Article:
Write us!

July/August 2003 • Vol 3, No. 7 •

Scientists Sound Alert on Climate Change

By Patricia Grogg

Island nations are especially vulnerable to climate change, which means Cuba should begin taking precautions now, local scientific researchers said in interviews with Inter Press Service (IPS).

Significant changes will be seen in Cuba’s climate by 2050, according to forecasts by experts at the Cuban Institute of Meteorology and the Economy Ministry’s Institute of Physical Planning.

“The fact that our nation is an archipelago makes us one of the countries most vulnerable to climate change,” said Carlos Rodríguez Otero, the head of a team that designed a project financed by the United Nations Development Program (UNDP) to study drought.

Projections indicate that temperatures in Cuba will rise, droughts will become even more frequent and longer-lasting on the eastern part of the island, and the rise in sea level caused by the melting of the polar ice caps will have a direct impact on tens of thousands of people in southwestern Cuba.

The researchers pointed out that the biggest threat of permanent flooding of coastal areas was faced by the southern part of the provinces of Havana and Pinar del Río, 176 kilometers west of the capital. Adopting efforts to adapt to climate change and prevent damages is the best that developing countries can do to mitigate the impact of a global phenomenon for which they are not principally responsible, said Carlos López Cabrera at the Cuban Institute of Meteorology.

Developing nations are not the biggest producers of greenhouse gas emissions, nor do they have much weight when it comes to solving the problem, he pointed out.

“Poor countries need resources not only to cut emissions, but also to adapt their economies, agriculture and human settlements to the changes that lie ahead,” said López Cabrera.

Global warming is blamed on emissions of greenhouse gases, especially carbon dioxide, that is produced by the burning of fossil fuels.

The Kyoto Protocol on climate change, which was signed in 1997, would require 38 industrialized countries to reduce their greenhouse gas emissions by 5.2 percent on 1990 levels, with deadlines between 2008 and 2012.

The European Union member states ratified the Kyoto Protocol on May 30, 2003. But the United States, which is responsible for 25 percent of global greenhouse gas emissions, announced in 2001 that it was withdrawing from the treaty.

“Even without the United States, it would be a great stride forward if the mechanism went into effect, because now the process has been brought to a halt, and emissions continue to grow,” said López Cabrera.

Rodríguez Otero commented to IPS that “climate change is a long-term phenomenon, but signals are already being reported that indicate what we will be exposed to, what kind of world humankind will live in within 80 to 100 years.”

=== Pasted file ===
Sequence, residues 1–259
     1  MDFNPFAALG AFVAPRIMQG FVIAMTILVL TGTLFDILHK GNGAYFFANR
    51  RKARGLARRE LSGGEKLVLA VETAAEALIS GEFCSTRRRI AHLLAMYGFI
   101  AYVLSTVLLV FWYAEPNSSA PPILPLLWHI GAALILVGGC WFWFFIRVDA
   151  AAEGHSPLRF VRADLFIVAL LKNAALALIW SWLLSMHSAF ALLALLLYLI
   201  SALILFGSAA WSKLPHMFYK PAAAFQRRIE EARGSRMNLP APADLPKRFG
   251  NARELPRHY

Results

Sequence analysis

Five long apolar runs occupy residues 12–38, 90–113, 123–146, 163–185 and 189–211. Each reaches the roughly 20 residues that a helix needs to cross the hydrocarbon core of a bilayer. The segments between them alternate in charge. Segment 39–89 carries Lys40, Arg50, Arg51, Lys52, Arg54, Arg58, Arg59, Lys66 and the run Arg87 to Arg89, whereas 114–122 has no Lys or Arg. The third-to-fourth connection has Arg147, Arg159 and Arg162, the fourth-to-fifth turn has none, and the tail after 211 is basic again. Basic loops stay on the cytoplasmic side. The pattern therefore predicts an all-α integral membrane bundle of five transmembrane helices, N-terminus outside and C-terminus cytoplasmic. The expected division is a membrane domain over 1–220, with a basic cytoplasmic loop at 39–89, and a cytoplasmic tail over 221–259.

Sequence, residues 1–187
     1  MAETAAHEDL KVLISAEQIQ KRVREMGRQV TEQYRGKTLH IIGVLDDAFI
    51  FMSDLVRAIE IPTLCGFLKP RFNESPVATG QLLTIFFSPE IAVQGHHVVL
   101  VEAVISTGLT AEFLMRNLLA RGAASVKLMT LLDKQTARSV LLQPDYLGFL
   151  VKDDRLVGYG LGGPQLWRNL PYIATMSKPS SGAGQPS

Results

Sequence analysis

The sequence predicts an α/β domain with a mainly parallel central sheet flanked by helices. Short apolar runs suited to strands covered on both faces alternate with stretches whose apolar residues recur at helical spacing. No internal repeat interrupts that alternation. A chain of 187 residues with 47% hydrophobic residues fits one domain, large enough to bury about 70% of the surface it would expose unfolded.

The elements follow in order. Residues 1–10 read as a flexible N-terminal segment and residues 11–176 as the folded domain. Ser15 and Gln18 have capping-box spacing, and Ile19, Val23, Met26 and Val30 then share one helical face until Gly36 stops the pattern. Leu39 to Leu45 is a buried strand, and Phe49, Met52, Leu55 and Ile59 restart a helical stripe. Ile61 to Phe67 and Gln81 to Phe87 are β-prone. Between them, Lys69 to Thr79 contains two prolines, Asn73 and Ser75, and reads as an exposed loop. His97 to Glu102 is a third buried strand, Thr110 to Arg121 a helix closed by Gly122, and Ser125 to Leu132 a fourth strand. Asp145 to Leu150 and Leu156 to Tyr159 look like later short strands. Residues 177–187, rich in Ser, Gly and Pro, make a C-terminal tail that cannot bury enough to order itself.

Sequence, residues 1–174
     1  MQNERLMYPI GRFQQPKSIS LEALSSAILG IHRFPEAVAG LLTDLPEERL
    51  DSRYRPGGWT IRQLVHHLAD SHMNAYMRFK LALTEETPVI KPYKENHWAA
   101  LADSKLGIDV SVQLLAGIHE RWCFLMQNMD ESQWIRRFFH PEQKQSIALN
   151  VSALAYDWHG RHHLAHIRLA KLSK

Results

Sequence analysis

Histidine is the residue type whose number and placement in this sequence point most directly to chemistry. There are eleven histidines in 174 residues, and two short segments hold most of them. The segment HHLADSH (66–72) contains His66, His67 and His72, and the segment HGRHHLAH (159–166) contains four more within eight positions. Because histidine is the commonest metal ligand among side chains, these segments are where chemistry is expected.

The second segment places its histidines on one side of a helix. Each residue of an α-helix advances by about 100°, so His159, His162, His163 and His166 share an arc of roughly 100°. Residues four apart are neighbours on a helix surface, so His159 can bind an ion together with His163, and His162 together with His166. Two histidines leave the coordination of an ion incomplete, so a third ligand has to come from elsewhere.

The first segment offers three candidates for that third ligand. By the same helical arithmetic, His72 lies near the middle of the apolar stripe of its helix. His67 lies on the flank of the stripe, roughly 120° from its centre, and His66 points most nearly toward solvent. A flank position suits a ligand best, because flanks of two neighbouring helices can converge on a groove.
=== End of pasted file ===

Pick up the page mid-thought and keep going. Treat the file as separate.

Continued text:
Research by the Cuban Institute of Oceanology found that in the last three decades of the 20th century, sea level rose 2.9 millimeters a year on average.

Scientists predict that the gradual rise of sea level caused by climate change will lead to the permanent flooding of the lowest-lying coastal areas around the world and an increase in the depth of the oceans.

In Cuba, the effects will be felt in the transformation of the seaboard and the mouths of rivers, and erosion will be the biggest factor in the process leading to a receding shoreline.

An estimated 1.4 million of Cuba’s 11.2 million people live in the country’s coastal areas, in 245 human settlements, of which 181 are rural and 64 urban.

These populations are exposed to the danger of flooding as the oceans rise, whether due to climate change or severe weather. “That is why we have to begin taking precautionary measures, so the phenomenon does not take us by surprise,” stressed Rodríguez Otero.

The experts said the increasingly severe and lengthy droughts in eastern Cuba, a region that is home to more than 25 percent of the population, are especially alarming.

Official reports indicate that desertification and the degradation of soil, as a result of the misuse and poor management of land, affect nearly 1.6 million hectares in Cuba, or 14 percent of the total territory.

Rodríguez Otero and other Cuban experts will apply their experience in the project “Human Settlements, Land Use and Global Change in Cuba,” financed by the UNDP to study drought in Cuba and the Dominican Republic, a neighboring Spanish-speaking Caribbean island nation.

The program, in which the Dominican Republic’s French- speaking neighbor Haiti will take part as an observer, will focus on three municipalities north of the city of Las Tunas, around 700 kilometers east of Havana, and on a Dominican region with similar characteristics.

“We will investigate the behavior of drought and its effects,” explained Rodríguez Otero. “Our work will be based on a diagnosis of land use, population distribution, and economic activities.”

In the Cuban region under study, the rainy season has been shortened, soils have deteriorated, and water shortages have become severe over the past few years.

As part of plans that have begun to be adopted to mitigate the impact of drought, more resistant crops have begun to be grown, and efforts are being made to rehabilitate eroded, salinized soil.

Inter Press Service, June 16, 2003





Write us